The dose rate is usually in the range 0.5 - 5 grays/1000 years.
The total absorbed radiation dose is determined by exciting, with light, specific minerals (usually quartz or potassium feldspar) extracted from the sample, and measuring the amount of light emitted as a result.
Luminescence dating refers to a group of methods of determining how long ago mineral grains were last exposed to sunlight or sufficient heating.
It is useful to geologists and archaeologists who want to know when such an event occurred.
This is usually, but not always, the case with aeolian deposits, such as sand dunes and loess, and some water-laid deposits.
Quartz OSL ages can be determined typically from 100 to 350,000 years BP, and can be reliable when suitable methods are used and proper checks are done.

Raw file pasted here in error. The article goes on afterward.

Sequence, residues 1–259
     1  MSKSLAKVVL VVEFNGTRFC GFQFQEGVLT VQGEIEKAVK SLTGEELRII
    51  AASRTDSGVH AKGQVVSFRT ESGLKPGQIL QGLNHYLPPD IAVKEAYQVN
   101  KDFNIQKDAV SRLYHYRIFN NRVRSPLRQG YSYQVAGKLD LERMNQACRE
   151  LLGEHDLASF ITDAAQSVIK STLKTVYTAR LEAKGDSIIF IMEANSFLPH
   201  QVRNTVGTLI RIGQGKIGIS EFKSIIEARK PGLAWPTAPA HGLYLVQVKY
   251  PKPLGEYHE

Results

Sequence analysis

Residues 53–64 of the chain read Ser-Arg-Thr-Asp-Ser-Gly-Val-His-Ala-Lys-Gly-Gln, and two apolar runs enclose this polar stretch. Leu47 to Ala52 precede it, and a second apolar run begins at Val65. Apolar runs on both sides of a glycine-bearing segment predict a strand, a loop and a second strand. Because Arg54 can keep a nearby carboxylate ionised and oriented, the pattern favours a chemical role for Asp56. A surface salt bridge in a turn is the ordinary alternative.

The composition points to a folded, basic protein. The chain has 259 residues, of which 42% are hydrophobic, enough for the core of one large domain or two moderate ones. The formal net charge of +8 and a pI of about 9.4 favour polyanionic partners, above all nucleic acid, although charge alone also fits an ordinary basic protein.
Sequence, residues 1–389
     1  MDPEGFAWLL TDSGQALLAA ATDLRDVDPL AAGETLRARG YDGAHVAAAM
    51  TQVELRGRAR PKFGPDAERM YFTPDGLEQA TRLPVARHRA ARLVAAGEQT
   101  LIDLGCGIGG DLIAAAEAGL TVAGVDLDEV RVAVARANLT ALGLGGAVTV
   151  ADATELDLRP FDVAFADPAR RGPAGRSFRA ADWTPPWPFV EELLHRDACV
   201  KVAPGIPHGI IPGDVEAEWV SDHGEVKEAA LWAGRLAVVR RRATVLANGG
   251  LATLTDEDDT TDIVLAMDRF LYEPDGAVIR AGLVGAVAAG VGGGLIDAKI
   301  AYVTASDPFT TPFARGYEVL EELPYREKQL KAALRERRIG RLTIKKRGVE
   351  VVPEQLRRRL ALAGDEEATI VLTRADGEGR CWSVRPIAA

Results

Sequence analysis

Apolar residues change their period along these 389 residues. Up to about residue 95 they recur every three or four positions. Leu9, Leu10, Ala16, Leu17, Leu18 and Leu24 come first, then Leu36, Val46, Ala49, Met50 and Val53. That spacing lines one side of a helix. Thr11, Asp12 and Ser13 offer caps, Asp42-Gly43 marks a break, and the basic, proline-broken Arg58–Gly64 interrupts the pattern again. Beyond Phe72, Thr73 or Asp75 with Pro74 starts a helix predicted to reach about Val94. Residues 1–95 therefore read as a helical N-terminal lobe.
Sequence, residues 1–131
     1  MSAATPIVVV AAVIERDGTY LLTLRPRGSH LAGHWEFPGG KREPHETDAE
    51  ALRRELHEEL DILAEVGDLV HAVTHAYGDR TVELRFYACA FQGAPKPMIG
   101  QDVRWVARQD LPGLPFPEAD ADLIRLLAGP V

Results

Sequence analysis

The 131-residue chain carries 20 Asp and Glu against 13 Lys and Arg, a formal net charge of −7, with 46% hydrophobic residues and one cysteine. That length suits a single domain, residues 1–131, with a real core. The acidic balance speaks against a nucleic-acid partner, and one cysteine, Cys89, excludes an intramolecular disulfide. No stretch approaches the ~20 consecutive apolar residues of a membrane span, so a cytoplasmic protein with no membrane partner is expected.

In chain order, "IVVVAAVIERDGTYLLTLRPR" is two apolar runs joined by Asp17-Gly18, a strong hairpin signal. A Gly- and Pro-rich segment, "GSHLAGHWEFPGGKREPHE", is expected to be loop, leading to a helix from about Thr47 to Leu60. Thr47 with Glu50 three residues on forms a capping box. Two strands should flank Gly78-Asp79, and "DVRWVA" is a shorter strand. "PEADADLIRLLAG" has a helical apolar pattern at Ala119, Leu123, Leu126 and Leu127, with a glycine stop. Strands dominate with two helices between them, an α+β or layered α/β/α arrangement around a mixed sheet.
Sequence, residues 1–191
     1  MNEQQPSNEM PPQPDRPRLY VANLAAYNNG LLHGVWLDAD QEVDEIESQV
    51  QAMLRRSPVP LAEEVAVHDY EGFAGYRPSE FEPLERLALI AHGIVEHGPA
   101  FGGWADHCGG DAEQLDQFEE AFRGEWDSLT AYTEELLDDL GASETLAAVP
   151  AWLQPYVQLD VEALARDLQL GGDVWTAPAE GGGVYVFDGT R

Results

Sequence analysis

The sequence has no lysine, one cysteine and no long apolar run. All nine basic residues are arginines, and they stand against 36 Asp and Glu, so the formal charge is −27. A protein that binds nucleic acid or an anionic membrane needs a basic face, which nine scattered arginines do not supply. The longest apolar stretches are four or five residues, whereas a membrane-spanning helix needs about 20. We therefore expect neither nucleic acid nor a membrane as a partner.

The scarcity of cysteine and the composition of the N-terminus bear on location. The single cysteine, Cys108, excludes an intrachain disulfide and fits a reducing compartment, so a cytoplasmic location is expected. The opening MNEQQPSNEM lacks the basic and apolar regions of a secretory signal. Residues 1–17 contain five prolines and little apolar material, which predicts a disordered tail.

Stimulating these mineral grains using either light (blue or green for OSL; infrared for IRSL) or heat (for TL) causes a luminescence signal to be emitted as the stored unstable electron energy is released, the intensity of which varies depending on the amount of radiation absorbed during burial and specific properties of the mineral.There are advantages and disadvantages to using each.For quartz, blue or green excitation frequencies are normally used and the near ultra-violet emission is measured.These complicated factors are analyzed and discussed.Therefore, although ceramic TL dating can in general solve the problem of authentication of ancient ceramics, there are still complexities that require further research and study.